Chris Farrell
Chris Farrell - 
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Scott Jagow: This week, two huge corporations told investors they're buying back stock.ConocoPhillips is retrieving $15 billion worth. Johnson & Johnson, $10 billion. We've seen a lot of this lately. I asked our economics correspondent Chris Farrell why.

Chris Farrell: Well we're living in an era of private equity buying publicly-traded companies, right? Well a stock buyback is a little bit like a private equity deal. What is a company doing? Part of it is a wave of buyers in the market shrinking the supply of public equity. I think it's part of an overall trend. Is it good? Is it bad? It's really hard to know and if you take the stock buybacks and the buyouts together, looks like we're going to get rid of about a trillion dollars worth of stock in 2007. And that's real money.

Jagow: But at the same time, you were telling me that perhaps this is a way for say a CEO to increase his compensation? Because it's based on the stock price?

Farrell: Not that a CEO would ever consider that or take that into consideration . . I mean no, no seriously what we're really talking about is financial engineering. The market's not stupid. You reduce the number of shares and therefore earnings per share, by definition, goes up. But you really haven't changed the fundamentals. This is why we're starting to try and figure out what's the signal that management is giving here. What I think would be the positive signal is not stock buybacks but management saying 'we're increasing our dividends' and here's why: When management increases its dividends — let's say it's paying $1 a share dividend, we're just making up a number — and it says 'we're going to increase that to $1.25' First of all it's cash. You're giving cash to your shareholders and management is making a real commitment and management only raises its dividend payout when it believes it can earn that divided payout because the one thing management never wants to do is cut that dividend payment.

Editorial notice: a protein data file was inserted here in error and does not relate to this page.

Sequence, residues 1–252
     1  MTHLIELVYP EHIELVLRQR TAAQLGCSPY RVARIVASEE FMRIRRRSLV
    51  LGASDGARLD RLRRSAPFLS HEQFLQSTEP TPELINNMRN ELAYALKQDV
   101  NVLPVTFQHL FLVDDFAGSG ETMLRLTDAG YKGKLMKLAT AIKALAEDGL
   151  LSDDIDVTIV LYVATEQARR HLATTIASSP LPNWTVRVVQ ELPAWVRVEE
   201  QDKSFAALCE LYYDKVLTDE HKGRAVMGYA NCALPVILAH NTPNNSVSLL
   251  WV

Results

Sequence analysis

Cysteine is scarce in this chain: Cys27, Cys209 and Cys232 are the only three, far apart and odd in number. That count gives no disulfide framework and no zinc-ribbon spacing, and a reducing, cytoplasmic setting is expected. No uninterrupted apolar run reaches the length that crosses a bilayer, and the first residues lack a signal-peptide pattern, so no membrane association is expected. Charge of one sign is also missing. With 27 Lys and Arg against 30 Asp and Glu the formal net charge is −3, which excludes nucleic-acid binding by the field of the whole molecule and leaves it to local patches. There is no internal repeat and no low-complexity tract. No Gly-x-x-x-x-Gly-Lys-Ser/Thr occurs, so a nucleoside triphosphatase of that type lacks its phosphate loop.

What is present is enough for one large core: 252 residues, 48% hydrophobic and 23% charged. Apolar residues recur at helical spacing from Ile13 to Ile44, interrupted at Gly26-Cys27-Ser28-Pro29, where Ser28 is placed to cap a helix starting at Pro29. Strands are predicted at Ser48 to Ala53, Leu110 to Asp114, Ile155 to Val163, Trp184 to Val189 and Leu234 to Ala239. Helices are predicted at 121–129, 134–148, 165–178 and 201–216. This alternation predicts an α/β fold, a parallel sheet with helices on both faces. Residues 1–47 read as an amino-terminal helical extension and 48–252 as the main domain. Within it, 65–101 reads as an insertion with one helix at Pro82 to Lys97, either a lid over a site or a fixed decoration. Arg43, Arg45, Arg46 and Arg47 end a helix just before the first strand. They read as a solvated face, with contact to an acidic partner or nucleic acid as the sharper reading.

Jagow: So you're suggesting that during this huge wave of corporate profits, that a better way for companies to spend that cash is to increase the dividend instead of buying back the stock?

Farrell: Absolutely. A dividend is an unambiguous signal that management sees better times ahead, it puts cash in the hands of shareholders and then they can go out and invest it. Stock buybacks, ehhh we've got a big debate going on about them, we're a little bit unsure and I think companies are embracing stock buybacks because one, as I've said, I think it improves management's payout and two, because I think management has run out of good ideas.

Jagow: All right Chris Farrell, our economics correspondent, thanks so much.

Farrell: Thanks a lot.